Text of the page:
New cross-border corporate tax rules could yield about USD 250 billion in extra revenue for governments, more than previously expected, the Organisation for Economic Cooperation and Development said on Wednesday.
Close to 140 countries are getting ready to implement as of next year a 2021 deal on governments’ rights for taxing multinationals, in accounting for the emergence of big digital companies like Apple and Amazon, which have been booking profits in low-tax countries.
The first strand of the two-track reform is designed to reallocate 25 percent of profits from the world's biggest multinationals for taxation in countries where their clients are based, regardless of the companies' actual location.
The second strand aims to set a global minimum corporate tax rate of 15 percent, by allowing governments to apply a top-up tax to that level on any profits booked in a country with a lower rate.
The OECD estimates that the minimum tax would yield USD 220 billion, or 9 percent of global corporate income tax – up from a previous estimate of USD 150 billion.
Meanwhile, the reallocation of taxing rights under the reform's first pillar was expected to cover USD 200 billion in multinationals' profits, up from USD 125 billion previously.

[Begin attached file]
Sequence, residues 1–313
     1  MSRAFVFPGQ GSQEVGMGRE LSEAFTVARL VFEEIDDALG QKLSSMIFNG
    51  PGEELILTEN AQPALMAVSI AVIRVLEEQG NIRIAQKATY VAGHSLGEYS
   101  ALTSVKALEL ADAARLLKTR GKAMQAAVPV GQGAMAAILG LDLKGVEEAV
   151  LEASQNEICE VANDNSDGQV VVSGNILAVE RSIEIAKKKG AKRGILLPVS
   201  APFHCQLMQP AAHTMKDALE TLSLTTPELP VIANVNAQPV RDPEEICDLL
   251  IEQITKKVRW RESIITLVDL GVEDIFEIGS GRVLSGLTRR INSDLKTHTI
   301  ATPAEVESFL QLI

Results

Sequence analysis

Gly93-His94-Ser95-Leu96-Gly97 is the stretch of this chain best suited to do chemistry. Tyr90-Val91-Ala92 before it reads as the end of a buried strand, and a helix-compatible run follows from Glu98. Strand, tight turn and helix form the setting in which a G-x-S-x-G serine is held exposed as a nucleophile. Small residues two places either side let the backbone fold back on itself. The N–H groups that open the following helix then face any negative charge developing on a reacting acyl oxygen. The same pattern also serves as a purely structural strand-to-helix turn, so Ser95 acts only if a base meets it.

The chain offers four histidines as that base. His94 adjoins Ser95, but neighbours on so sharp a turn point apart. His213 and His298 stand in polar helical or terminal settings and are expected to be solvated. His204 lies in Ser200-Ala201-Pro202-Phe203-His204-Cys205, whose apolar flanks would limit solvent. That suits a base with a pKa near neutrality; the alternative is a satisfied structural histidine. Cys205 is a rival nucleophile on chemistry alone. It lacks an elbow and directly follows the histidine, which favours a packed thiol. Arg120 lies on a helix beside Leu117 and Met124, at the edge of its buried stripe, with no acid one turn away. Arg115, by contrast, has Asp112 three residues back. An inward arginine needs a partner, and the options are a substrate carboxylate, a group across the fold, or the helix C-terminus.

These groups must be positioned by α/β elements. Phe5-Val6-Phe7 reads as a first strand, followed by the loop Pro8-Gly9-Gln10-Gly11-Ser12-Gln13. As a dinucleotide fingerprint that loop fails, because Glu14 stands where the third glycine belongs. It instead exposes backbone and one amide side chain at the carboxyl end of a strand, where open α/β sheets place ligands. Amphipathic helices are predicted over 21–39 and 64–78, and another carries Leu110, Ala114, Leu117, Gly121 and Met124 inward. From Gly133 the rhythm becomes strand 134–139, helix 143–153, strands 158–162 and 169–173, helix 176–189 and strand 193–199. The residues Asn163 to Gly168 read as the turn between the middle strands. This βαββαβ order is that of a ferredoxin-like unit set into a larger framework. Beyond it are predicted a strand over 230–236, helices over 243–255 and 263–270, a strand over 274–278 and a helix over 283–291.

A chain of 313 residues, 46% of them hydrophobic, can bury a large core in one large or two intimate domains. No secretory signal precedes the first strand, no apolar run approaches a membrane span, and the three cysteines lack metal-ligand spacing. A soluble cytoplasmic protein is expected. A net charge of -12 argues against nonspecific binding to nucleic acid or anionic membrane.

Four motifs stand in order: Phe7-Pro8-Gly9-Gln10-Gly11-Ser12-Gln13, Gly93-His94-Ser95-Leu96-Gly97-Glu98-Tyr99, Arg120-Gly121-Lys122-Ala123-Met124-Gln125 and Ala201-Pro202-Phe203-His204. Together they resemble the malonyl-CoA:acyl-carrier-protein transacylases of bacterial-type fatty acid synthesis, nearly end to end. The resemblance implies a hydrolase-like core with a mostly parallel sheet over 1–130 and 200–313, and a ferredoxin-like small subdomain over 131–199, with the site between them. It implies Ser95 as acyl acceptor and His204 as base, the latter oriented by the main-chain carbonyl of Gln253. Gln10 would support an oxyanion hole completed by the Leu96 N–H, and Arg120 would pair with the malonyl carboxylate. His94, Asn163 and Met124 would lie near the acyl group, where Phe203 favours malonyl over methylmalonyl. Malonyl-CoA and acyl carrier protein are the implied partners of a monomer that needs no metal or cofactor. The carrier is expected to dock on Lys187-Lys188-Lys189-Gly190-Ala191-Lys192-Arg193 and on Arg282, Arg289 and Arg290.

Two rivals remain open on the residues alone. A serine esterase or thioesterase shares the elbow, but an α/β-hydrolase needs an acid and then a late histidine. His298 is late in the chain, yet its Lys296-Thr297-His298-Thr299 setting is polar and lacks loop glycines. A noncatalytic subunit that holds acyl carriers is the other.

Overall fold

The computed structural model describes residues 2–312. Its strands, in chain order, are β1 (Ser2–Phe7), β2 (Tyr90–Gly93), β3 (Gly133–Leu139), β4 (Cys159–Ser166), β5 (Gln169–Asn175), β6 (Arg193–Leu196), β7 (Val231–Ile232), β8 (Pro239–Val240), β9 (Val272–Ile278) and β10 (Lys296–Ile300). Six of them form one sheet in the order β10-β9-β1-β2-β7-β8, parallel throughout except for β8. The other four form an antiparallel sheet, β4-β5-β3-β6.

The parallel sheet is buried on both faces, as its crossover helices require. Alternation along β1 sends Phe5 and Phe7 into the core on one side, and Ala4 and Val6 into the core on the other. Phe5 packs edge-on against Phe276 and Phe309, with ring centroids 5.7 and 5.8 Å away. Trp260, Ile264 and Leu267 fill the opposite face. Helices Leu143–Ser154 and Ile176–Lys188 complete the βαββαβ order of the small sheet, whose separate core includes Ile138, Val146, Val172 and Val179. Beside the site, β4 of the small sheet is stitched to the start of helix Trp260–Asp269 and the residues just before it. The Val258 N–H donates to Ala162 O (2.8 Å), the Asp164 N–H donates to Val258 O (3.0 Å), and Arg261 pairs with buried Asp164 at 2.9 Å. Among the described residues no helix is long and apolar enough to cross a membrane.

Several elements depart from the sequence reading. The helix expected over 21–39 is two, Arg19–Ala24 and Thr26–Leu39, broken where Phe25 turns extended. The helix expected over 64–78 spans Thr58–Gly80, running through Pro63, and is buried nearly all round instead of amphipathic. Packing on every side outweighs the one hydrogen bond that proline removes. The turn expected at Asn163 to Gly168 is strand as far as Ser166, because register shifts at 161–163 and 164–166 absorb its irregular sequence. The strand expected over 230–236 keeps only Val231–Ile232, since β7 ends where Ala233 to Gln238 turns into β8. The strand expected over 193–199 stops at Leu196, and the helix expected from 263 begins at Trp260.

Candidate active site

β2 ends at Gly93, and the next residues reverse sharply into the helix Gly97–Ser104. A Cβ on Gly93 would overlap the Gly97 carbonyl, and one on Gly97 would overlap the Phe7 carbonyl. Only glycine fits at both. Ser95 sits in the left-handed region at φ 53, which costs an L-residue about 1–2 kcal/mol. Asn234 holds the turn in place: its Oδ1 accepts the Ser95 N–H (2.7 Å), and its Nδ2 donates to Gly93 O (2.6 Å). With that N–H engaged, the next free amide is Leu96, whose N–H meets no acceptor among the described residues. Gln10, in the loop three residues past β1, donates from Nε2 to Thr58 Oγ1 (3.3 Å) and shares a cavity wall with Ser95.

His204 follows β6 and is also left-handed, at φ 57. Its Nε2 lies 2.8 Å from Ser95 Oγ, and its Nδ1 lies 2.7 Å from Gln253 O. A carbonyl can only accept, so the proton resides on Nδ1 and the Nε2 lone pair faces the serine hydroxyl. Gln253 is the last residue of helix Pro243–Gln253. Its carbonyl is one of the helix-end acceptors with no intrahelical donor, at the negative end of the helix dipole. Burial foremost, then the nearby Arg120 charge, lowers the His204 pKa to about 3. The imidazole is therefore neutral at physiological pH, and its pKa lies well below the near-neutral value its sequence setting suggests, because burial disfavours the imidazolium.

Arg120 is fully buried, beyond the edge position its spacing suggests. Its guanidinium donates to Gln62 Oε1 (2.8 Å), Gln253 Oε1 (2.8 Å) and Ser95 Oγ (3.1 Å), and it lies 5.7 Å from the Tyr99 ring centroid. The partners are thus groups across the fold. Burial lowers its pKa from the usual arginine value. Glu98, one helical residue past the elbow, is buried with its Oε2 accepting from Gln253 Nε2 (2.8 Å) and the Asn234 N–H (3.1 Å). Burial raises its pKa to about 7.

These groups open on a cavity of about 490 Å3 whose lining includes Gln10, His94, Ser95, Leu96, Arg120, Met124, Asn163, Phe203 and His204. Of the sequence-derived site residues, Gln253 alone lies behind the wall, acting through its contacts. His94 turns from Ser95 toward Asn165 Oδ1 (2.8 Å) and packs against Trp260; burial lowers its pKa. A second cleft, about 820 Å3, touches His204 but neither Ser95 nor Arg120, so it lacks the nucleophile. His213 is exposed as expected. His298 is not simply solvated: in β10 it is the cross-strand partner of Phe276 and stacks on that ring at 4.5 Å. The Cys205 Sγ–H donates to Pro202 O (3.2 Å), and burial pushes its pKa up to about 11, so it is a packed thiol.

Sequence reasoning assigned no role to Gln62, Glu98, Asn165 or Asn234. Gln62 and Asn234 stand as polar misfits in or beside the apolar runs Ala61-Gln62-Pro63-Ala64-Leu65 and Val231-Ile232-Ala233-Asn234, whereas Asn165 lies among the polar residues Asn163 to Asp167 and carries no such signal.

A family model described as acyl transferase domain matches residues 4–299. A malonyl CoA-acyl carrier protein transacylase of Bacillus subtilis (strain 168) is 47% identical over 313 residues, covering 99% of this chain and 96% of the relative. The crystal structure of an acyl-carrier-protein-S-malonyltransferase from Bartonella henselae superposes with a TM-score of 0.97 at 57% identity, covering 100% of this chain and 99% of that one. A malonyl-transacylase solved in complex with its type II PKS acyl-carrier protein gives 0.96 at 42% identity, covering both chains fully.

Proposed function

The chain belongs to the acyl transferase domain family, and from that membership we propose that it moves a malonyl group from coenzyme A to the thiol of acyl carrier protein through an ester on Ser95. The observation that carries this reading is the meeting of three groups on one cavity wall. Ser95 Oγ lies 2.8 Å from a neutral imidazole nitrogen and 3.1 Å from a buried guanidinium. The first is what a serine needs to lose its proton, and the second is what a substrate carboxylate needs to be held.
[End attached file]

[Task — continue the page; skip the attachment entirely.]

The increase was mainly due to higher multinational profits now than was the case a couple of years ago, with 50 percent coming from large digital groups, the OECD said.
The second pillar was now seen generating tax gains of between USD 13 billion and USD 36 billion thanks to more profit being covered.
While developing countries have trounced the reform over concerns that they could suffer, the OECD's updated analysis found that low- and middle-income countries would become the biggest winners of the taxing rights reallocation.
Meanwhile, low-tax investment hubs where multinationals have booked their profits until now would end up surrendering more taxing rights than they are allocated, the OECD said.